Environment variables for the API need to be configured in your chart/<your app name>/bindings.yaml as this file describes how to populate a number of environment variables in the environment of the app from Kubernetes Secrets which are config variables like usernames & passwords. After this is done and you ensure your app builds and runs correctly you can use helm install --name <whatever> chart/<your app name> to deploy your app as a Kubernetes pod. I learned to test whether the app is running successfully or not is as simple as using the KituraOpenAPI UI with the deployed instance once you have mapped the Kubernetes port back to your localhost.

I then learned how to scale a Kubernetes cluster by adding replicas (extremely easy - was really impressed). The book seemed to reccommend having 3 replicas at a minumim for triple redundancy when deploying for resilience & availability. The next thing I learned was how to add NGINX as what Kubernetes would call an Ingress Controller. It seems that Kubernetes has a simple built in load balancer that you can use, but in production, you would want to use something like NGINX that provides a high performance load balancer & web proxy. NGINX also was used to carry out TLS termination for the project so I learned how to generate a Kubernetes secret from the certificate I had in the directory.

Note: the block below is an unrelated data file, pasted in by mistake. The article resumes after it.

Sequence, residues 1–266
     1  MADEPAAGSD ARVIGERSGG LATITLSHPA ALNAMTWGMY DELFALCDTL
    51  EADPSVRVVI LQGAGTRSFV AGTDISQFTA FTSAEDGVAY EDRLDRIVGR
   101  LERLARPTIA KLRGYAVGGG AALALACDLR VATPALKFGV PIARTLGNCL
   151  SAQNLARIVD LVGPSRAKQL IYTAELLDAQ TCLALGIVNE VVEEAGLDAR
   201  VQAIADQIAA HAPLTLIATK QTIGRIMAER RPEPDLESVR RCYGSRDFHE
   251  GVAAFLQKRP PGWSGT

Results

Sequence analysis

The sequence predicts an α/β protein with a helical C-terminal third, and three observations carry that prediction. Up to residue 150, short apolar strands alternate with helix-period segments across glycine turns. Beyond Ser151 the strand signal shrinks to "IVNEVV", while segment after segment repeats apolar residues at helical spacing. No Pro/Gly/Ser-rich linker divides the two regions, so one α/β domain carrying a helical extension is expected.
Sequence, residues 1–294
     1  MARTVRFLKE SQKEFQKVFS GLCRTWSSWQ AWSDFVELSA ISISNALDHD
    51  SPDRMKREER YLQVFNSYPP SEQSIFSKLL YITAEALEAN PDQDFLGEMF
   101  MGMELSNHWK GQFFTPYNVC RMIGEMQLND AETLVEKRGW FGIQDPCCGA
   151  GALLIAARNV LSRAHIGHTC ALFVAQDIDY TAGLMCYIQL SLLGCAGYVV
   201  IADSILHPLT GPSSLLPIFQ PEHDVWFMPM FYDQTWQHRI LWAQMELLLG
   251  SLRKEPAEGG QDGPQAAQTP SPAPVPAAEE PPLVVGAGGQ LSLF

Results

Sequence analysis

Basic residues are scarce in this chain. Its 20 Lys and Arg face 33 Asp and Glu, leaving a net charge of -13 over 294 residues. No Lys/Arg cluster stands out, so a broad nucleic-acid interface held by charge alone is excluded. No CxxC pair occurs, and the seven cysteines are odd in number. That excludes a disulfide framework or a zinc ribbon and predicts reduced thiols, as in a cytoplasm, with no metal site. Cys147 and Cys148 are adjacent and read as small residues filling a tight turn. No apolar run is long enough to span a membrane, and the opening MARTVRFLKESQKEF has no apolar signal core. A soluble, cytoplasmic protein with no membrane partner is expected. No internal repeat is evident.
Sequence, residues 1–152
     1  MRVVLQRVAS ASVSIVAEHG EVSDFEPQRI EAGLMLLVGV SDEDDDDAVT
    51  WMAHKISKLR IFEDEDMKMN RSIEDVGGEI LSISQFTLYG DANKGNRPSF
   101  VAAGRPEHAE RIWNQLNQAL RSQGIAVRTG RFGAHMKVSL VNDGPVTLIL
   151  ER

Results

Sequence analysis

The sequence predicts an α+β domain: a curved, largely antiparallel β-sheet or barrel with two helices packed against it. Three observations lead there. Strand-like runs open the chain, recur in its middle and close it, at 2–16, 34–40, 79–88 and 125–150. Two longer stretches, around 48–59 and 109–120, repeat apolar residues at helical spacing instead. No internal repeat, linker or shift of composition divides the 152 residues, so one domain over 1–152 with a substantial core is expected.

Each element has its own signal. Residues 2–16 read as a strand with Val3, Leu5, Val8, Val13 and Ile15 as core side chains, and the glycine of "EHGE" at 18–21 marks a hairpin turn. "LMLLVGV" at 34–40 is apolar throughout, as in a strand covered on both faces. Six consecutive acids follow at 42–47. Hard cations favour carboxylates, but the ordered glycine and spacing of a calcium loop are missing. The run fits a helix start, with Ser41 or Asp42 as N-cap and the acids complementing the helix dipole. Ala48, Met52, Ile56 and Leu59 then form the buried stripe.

The book also covered how Kitura's SwiftMetrics package provides API's for monitoring data like CPU & memory usage and HTTP responsiveness. It also provides built in intergration with Prometheus which is an open source monitoring solution that is part of the Cloud Native Computing Foundation projects. As Prometheus can integrate easily with a Kubernetes environment and already has a Helm Chart in the Stable Helm Repository, I installed the chart and configured Prometheus to a server port. This allowed me to create simple graphs of the resource data the server was using. I could see this as being especially useful in calculating costs and anticipating scaling requirements for your app. The alerts feature can be useful. Grafana is a more comprehensive graphing and dashboard solution that also has a stable Helm Chart avaialbe. The book covers setting up an additional Kubernetes pod for it and covers some of the dashboard setup required for monitoring a Kubernetes cluster.